The project

Fundamentalism harms our societies. It consists of a complex set of beliefs, sentiments, attitudes, and actions that have all sorts of detrimental effects regarding, for example, the education of fundamentalist minorities, the perception of public safety, and the general image of religions. Scholars in fundamentalism studies have developed various models to better understand fundamentalism, such as the Radicalization Model. Increasingly, though, they are dissatisfied with these models, since they are often unable to explain why some individuals turn to fundamentalism while others do not.

A new normative-theoretical framework

This project will provide a new normative-theoretical framework that is needed to better understand and assess one of the main reasons for fundamentalist behavior: fundamentalist beliefs. In order to do this, our team combines influential methods in analytic philosophy, like conceptual analysis and reflective equilibrium, with literature reviews of empirical and historical research and normative-theoretical analysis of case studies. It is funded by the European Research Council and carried out in the Faculty of Humanities and the Faculty of Religion and Theology at the Vrije Universiteit Amsterdam.





How we work

The epistemology and ethics of fundamentalism that we develop addresses five questions. First, what makes extreme beliefs fundamentalist beliefs, and how do they relate to other cognitively detrimental phenomena? Second, how does the social environment affect the rationality of fundamentalist beliefs? Third, what obligations regarding their beliefs do fundamentalists violate? Fourth, which circumstances, like indoctrination, excuse people for violating such obligations? Fifth, how does this epistemology and ethics of fundamentalist belief help to better understand and assess fundamentalism?

This project breaks new ground in epistemology and ethics by exploring responsibility for extreme beliefs and fundamentalist beliefs in particular. It is also beneficial to the academic fields involved in fundamentalism studies, because those fields are largely based on historical and empirical work rather than conceptual and ethical analysis.

We reach this aim by publishing interdisciplinary material on fundamentalism in leading journals and with high quality publishers, by organizing lectures, workshops, and conferences, and by reaching out to a larger audience in various media outlets. These resources are available on this website.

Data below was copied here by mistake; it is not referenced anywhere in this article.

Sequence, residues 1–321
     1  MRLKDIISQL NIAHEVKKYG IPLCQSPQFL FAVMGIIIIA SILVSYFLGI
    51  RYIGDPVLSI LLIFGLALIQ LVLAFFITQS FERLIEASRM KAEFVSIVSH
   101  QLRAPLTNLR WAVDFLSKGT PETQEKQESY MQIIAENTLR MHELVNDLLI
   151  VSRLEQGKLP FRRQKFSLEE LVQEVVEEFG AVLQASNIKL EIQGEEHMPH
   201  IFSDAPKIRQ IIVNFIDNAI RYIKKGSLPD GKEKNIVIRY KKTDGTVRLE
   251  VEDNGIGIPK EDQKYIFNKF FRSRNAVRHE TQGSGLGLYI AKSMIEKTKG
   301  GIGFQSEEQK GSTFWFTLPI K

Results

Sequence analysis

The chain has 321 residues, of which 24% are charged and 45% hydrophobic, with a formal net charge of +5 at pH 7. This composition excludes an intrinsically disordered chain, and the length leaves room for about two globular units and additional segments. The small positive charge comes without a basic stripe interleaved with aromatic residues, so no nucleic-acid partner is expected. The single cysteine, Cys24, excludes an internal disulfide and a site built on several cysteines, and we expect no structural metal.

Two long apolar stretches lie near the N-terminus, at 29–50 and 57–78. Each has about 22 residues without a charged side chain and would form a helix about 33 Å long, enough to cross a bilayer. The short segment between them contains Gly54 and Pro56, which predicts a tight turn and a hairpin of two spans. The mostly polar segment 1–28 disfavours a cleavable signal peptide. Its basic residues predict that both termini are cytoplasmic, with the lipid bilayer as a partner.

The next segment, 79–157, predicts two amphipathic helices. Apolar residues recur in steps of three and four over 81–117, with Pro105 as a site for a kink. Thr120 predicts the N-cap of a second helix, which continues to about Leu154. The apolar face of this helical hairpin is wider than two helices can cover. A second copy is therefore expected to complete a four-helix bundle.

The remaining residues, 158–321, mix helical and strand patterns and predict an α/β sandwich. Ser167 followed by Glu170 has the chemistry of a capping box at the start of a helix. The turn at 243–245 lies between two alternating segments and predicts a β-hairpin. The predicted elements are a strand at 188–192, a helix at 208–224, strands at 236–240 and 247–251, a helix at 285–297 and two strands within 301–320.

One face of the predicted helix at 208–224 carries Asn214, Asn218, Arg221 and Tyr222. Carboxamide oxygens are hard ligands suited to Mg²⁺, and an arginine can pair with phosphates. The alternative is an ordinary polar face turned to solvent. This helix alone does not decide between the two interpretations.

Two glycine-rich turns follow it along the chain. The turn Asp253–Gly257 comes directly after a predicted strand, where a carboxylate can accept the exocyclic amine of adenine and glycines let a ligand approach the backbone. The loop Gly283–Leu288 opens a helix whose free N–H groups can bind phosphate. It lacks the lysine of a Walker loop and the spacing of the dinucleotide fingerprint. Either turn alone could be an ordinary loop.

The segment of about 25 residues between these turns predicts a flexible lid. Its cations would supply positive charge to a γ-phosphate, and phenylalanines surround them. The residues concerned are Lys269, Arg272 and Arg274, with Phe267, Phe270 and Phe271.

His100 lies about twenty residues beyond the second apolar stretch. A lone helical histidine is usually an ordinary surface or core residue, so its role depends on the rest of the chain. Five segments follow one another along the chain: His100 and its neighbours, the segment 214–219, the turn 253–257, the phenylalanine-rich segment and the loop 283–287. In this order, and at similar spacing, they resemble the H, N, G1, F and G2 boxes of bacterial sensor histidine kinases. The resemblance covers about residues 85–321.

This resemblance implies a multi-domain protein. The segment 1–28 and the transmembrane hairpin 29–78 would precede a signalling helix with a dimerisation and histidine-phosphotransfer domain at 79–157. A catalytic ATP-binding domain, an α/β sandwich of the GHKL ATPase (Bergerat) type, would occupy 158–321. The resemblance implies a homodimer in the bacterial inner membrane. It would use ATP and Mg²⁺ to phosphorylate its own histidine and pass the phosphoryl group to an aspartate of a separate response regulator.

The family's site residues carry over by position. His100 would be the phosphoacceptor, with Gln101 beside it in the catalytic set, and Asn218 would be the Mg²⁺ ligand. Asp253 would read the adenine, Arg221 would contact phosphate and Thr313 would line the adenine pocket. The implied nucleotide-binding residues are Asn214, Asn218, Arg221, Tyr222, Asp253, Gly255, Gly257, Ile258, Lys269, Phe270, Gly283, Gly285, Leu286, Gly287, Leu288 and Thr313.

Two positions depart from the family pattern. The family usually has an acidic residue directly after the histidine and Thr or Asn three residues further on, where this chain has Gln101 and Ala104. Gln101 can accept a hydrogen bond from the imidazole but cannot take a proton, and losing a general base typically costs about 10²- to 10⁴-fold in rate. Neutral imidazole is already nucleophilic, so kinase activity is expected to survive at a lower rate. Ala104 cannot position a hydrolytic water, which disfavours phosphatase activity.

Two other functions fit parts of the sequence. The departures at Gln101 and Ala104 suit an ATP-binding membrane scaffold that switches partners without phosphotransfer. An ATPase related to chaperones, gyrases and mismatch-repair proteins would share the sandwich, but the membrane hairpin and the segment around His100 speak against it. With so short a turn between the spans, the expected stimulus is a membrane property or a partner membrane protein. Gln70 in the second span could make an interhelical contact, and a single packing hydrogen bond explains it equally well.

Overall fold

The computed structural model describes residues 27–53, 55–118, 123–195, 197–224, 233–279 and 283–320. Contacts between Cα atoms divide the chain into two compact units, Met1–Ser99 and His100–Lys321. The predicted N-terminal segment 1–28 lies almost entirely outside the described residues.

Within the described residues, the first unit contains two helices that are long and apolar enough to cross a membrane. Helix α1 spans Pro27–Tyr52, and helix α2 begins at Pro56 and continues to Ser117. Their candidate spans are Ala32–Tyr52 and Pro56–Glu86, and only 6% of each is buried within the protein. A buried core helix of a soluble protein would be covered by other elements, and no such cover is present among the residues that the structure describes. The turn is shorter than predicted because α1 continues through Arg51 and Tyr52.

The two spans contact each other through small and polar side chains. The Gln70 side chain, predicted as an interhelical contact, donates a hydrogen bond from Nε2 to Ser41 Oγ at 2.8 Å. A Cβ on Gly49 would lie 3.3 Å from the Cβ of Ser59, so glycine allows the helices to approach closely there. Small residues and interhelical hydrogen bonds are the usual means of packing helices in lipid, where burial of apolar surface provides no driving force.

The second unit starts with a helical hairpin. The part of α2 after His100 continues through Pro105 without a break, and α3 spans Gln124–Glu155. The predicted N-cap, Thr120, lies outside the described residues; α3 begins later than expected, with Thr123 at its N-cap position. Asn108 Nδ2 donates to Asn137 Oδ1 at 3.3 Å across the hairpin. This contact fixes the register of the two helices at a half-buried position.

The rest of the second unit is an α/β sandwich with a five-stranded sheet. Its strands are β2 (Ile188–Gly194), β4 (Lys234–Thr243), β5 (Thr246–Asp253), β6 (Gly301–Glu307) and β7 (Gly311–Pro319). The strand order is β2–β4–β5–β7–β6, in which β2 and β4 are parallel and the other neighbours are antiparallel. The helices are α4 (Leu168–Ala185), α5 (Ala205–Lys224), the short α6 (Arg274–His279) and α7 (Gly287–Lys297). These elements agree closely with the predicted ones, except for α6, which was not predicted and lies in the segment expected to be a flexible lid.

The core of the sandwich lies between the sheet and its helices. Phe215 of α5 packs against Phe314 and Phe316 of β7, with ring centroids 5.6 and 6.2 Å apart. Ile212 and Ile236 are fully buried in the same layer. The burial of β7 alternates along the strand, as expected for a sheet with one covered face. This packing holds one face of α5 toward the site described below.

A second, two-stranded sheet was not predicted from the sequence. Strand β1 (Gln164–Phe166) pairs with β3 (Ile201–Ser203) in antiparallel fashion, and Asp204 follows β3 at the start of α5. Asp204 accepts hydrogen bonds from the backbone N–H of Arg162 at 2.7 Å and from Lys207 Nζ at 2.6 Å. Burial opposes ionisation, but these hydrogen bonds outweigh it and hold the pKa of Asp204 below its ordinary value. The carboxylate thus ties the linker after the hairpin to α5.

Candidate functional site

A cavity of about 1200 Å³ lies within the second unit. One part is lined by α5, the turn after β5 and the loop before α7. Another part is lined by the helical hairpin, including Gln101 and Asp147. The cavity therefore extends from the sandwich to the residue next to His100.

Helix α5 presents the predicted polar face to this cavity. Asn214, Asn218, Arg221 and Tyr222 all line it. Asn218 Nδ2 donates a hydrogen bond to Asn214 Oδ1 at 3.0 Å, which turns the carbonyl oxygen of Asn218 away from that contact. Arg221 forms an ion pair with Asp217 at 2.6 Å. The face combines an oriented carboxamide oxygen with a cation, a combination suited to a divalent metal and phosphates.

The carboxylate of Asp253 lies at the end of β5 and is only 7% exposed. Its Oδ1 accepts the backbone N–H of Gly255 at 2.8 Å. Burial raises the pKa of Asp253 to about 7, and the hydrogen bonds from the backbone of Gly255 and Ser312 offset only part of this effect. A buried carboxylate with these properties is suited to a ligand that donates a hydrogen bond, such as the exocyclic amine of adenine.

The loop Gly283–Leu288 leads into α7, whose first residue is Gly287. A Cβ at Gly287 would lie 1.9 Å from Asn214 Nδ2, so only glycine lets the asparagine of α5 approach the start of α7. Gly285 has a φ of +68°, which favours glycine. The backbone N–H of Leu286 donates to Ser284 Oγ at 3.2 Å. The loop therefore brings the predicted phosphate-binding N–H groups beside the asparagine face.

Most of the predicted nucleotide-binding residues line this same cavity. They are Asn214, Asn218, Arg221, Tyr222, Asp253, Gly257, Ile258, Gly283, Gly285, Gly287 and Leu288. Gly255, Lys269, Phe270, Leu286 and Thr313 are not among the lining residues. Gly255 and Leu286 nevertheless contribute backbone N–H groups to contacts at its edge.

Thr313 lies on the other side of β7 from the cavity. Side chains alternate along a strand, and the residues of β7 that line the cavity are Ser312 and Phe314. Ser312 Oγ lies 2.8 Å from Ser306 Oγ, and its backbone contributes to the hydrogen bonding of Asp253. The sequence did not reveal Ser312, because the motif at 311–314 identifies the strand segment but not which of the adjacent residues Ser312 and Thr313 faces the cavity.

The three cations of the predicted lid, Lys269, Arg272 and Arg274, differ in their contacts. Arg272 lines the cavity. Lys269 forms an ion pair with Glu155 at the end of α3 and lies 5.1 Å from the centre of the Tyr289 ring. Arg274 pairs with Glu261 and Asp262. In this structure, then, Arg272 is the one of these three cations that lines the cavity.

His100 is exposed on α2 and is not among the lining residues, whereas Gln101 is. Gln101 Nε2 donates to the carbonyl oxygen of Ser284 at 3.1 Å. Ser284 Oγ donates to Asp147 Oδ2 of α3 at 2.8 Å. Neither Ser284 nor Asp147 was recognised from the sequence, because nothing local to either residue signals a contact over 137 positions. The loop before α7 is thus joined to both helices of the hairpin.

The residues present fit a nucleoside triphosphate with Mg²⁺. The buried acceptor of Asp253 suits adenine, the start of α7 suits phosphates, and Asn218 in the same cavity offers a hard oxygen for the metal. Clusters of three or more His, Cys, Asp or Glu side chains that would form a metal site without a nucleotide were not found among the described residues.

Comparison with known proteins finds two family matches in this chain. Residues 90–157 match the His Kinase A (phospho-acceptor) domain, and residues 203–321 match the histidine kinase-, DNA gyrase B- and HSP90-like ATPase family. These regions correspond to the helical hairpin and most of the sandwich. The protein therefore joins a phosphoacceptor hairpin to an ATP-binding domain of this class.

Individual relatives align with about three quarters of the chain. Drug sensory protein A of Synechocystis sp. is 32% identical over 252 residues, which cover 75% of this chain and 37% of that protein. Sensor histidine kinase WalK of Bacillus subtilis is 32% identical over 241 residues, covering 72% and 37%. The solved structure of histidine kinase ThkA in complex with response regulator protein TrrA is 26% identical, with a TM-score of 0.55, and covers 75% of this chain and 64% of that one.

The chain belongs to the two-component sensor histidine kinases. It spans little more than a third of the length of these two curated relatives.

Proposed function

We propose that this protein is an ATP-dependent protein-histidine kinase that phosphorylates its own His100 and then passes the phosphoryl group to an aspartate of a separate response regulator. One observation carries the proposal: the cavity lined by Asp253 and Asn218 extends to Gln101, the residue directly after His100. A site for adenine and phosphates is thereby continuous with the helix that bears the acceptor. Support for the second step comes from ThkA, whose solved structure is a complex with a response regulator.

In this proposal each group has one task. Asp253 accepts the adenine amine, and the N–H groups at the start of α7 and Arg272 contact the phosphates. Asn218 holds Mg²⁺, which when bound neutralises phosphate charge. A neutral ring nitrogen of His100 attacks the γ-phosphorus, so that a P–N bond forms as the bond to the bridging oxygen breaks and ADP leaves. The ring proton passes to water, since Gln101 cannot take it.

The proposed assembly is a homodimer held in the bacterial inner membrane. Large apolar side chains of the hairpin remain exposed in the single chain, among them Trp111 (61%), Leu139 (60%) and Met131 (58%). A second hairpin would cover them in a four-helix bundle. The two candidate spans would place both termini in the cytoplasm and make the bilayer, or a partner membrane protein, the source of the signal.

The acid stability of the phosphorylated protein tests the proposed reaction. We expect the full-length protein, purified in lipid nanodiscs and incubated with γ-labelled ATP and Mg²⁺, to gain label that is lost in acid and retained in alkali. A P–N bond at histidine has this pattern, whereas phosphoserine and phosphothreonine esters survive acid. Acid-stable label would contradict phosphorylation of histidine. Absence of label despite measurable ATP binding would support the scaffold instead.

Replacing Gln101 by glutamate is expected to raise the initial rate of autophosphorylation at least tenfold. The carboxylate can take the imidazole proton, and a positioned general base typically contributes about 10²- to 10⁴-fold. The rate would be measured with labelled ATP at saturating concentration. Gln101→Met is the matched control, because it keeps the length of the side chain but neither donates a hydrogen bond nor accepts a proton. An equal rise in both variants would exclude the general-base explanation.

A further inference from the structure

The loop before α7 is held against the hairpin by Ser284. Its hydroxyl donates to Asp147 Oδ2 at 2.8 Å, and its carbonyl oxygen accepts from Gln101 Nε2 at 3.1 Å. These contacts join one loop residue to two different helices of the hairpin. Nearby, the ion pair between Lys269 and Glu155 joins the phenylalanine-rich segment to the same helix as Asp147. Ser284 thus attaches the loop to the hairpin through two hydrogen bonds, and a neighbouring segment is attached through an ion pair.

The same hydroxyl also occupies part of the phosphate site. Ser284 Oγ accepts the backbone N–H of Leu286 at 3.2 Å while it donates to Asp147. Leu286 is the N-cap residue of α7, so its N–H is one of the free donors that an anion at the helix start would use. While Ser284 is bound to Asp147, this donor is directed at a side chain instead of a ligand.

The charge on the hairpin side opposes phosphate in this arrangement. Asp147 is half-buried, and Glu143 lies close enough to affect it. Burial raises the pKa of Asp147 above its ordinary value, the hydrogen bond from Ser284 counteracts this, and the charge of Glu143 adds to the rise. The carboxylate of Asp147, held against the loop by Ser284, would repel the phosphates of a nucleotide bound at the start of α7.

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Subprojects 1-5 constitute the core of this project. They are funded by the European Research Council. The other projects are carried out by external PhD candidates and Interns. They put flesh to the bones of the normative-theoretical framework developed in subprojects 1-5 by studying fundamentalism in specific areas, such as right-wing fundamentalism in higher education, fundamentalism and creationism, and the role of women in various fundamentalist movements. You will find a description of each project below.

Subproject 1

An Epistemology of Individual Fundamentalist Belief

The main aim of this subproject is to develop an epistemology of individual fundamentalist belief. It undertakes a conceptual analysis of ‘fundamentalist belief’ and its relation to various other, similar categories, such as ‘extreme beliefs’ in general. It spells out how fundamentalist beliefs relate to other epistemically detrimental phenomena like intellectual vices and belief in conspiracy theories.

It provides an account of the various positive and negative epistemic statuses fundamentalist beliefs can have, such as rationality and justification. These objectives will be reached by a thorough literature review, conceptual analysis, and a careful application to four selected case studies.

Subproject 2

An Epistemology of Group Fundamentalist Belief

The aim of this subproject is to spell out an epistemology of how the social context affects the rationality of fundamentalist belief. It explores to what extent and in which sense fundamentalist groups can display vices (or virtues). It develops an account of when it is rational to embrace the testimonial evidence of an authority within a fundamentalist group. It spells out how peer disagreement bears on the epistemic status of fundamentalist belief. These objectives will be reached by way of literature review, conceptual analysis, the tools of social epistemology, and the application of these ideas to another four case studies.

Subproject 3

Obligations regarding Fundamentalist Belief